Does your brand need a ballot box question?

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My first career was in politics in my native country of Canada.  My political background has helped me clearly see that social media is about people first and technology second.  My background has also helped set up a point of view when navigating and understanding the ever changing new media landscape.

In politics, elections are make or break affairs.  The deciding moment is when the voter enters the polling booth.  It’s inside the polling booth that political strategists are hoping they’ve done enough to sway the voter to support their party.  One way they attempt to do this is by constructing a ‘ballot box question’.

The ballot box question is typically an issue/concern of greatest importance to the target voter.  By voting for a particular party, voters are in essence stating who best meets their needs and wants.  What’s in it for me?  Typically ballot box questions focus on the economy, healthcare and education.

That’s why a lot of political advertising is negative.  The more crap you heap on your opponent, the less likely voters will perceive the candidate/party to answer their ballot box question.  It’s also an opportunity for strategists to reinforce their intended ballot box question in the minds of the voters.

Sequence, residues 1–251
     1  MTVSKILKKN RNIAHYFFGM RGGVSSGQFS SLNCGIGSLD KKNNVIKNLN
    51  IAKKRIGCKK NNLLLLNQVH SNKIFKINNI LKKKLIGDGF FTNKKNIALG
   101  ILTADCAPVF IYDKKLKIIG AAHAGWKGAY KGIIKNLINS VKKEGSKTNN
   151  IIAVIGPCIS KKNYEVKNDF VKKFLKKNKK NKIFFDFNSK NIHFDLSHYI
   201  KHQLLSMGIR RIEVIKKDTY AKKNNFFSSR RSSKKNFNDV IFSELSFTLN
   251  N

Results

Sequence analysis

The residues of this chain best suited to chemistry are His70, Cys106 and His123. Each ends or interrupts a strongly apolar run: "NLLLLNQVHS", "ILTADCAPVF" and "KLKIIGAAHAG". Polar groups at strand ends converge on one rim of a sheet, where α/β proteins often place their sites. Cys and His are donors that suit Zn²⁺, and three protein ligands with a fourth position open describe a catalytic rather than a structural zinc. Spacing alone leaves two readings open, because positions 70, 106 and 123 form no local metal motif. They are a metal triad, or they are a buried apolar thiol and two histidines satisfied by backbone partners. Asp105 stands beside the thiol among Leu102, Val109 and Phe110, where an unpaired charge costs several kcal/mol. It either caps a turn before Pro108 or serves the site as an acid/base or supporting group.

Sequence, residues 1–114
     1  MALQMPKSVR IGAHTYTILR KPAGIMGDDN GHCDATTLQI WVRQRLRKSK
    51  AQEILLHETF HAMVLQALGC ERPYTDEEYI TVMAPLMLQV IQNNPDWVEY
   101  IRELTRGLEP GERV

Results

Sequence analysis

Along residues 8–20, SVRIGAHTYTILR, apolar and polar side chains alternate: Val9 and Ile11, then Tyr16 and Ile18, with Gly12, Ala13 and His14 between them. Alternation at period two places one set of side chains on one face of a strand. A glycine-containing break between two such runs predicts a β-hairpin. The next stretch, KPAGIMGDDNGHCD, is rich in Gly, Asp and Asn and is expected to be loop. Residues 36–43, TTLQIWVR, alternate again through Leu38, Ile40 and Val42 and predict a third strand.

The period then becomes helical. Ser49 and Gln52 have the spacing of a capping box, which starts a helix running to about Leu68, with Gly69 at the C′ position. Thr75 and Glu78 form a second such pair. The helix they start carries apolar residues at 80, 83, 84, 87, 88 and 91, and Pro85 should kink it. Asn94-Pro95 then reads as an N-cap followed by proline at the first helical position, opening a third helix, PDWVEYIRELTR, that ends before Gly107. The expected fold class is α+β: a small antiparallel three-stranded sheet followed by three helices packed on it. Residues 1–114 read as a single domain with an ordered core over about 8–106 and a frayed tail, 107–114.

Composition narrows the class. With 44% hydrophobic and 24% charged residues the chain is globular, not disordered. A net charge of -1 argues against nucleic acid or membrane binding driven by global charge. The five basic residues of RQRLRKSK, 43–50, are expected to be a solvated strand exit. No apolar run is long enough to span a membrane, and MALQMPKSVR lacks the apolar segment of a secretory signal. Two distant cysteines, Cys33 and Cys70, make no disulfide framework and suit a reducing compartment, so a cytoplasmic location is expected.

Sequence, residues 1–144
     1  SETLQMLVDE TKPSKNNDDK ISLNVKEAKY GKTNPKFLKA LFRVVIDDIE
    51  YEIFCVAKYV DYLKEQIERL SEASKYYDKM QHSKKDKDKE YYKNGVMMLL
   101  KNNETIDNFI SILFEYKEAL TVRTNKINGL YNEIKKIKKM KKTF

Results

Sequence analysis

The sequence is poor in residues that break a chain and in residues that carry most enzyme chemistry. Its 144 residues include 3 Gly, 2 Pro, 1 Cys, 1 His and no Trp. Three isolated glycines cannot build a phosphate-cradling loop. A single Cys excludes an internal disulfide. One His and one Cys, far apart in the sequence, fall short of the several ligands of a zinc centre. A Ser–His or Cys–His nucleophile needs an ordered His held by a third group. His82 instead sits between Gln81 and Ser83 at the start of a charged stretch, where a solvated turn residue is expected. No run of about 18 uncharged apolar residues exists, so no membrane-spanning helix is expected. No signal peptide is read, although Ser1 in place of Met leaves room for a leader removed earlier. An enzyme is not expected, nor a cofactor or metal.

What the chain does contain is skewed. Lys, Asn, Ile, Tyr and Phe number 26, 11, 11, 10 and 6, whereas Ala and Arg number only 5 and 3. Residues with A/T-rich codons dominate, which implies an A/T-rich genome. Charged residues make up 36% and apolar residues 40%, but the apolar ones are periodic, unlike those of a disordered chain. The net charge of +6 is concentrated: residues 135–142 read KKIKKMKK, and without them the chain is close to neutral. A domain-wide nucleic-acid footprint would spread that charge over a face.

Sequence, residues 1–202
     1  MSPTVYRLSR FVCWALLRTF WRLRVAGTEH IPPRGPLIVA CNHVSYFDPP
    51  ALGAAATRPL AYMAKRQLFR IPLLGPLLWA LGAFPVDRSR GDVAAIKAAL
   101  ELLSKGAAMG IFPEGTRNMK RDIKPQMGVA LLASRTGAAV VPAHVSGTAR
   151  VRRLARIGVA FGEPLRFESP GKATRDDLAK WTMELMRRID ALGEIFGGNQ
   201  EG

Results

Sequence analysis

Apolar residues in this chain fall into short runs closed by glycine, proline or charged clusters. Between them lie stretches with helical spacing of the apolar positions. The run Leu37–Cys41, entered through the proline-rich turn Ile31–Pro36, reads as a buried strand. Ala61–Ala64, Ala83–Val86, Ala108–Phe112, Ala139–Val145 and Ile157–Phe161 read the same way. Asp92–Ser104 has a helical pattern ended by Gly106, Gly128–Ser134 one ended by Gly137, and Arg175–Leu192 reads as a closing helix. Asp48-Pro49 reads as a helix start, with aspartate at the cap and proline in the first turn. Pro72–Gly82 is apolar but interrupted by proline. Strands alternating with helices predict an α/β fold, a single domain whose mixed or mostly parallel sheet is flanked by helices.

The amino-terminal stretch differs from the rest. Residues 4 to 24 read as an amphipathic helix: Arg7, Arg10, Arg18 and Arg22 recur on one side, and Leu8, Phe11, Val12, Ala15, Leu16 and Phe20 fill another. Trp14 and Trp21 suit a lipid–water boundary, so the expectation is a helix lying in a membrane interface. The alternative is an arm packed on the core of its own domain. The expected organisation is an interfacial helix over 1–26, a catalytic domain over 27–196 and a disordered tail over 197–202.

Is the ‘ballot box question’ construct relevant to brands?

Research conducted within Facebook, Twitter and MySpace shows the ‘moment of truth’ or the ‘moment to like’ is largely the result of a special offer/deal and/or if the user is an existing customer.

A special offer/deal works well in the short-term to incentivise a user to engage.  What happens in the absence of a special deal/offer?  This is where creating a ‘ballot box question’ could help brands reach out to existing customers with the real possibility of building a long-term connection.

In a recent post that appeared on Forbes.com, Mike Henley shares the following seven points that I think would be a great starting point for a brand developing a ballot box question.

  1. What ideas are my target audiences talking about?
  2. What idea does my brand stand for?
  3. What idea can my organization rally around?
  4. What is the core centralizing idea behind our value proposition?
  5. How can ideas be used to inject passion and emotion into my brand?
  6. How can ideas change perceptions and relationships among key stakeholders?
  7. How can ideas be used to create a cohesive marketing platform?

In an effort to build a long-term connection with existing customers, corporations should start to explore how elements of political based campaigns could enhance how they execute social based campaigns.

How successful do you think brands are in creating and communicating a distinct ‘like’ proposition to earn the attention of voters consumers?

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